Exec. director of Delaware GOP to step down
After more than three years, the executive director of the Delaware GOP is stepping down.
John Fluharty announced Tuesday that he plans to leave that post by the end of the year.
He says he's not sure what's next for him, but "it's time to kind of hand the baton to someone else and let them take a lap."
Fluharty says he's pleased with the strides Republicans made during his time as the party's operational head -- up to and including the GOP's loss to Democrats in Saturday's special election in a Newark house district.
"It was a district where we are out-registered 3 to 1, and people didn't even think we'd have a candidate," he says. "And we broke 43 percent. I mean, that's amazing."
Fluharty feels the Republican party has made a comeback in Delaware in the past couple of years. He says he made a point of broadening the party's borders while he was executive director -- even when it wasn't popular with everyone. Fluharty took some heat from First State Republicans when he came out as gay in 2013. But he says he's "more proud of that decision that any other decision I have made in my life."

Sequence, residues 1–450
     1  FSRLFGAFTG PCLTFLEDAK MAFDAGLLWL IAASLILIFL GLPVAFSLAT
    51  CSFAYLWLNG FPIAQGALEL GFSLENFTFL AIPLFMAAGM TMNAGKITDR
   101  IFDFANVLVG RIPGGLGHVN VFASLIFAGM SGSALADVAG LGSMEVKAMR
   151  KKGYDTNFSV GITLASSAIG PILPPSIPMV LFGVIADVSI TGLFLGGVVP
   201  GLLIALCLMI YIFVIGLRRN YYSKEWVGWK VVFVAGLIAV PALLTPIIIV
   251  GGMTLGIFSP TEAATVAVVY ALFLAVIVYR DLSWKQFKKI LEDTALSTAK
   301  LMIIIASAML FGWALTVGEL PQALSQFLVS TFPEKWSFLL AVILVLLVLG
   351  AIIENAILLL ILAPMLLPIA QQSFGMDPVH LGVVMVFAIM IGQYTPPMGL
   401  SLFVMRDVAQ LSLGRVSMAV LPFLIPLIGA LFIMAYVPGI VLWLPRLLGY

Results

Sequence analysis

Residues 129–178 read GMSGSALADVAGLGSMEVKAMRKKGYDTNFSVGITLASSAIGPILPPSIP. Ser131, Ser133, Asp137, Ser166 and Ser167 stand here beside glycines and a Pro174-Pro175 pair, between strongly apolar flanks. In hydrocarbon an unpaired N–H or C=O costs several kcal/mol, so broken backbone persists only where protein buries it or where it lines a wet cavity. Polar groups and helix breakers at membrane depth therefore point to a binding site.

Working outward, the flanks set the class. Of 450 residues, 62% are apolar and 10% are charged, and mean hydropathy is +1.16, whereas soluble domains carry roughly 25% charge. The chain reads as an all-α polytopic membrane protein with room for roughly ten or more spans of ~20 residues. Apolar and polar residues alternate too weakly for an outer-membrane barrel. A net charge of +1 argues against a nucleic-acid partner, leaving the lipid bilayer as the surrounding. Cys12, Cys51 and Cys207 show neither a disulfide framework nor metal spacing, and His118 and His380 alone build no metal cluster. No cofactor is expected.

"I think, on a personal level, any time a person takes ownership of their life and who they are, they become a better person," he says. "I think it was good for my party."
That's because it brought more Republicans to the table, he says, at a time when economic and educational issues are impacting families of all sorts in the First State.
"Now that the [Supreme] Court has ruled on marriage equality, there are a bunch of other issues that I think directly impact the LGBT community where they should take a second look at Republicans," he says. "And quite frankly, Republicans need to be ready to offer members of the community a seat at the table."
Fluharty sees today's GOP as divided into pro-tradition and pro-freedom camps. He's among the latter -- but he says no one is in "lock-step" with their political party on every issue.
"So in that regard, you need to look for common ground. You need to look at the issues that are really important to America and Delaware today, and you need to build your coalitions around those issues," he says. "And right now, it's jobs and the economy."
Fluharty says he's optimistic that the GOP will pick up more legislative seats in all three counties in the next election cycle. His successor, who will help with that mission, hasn't yet been appointed. Party's chair Charlie Copeland will make that call.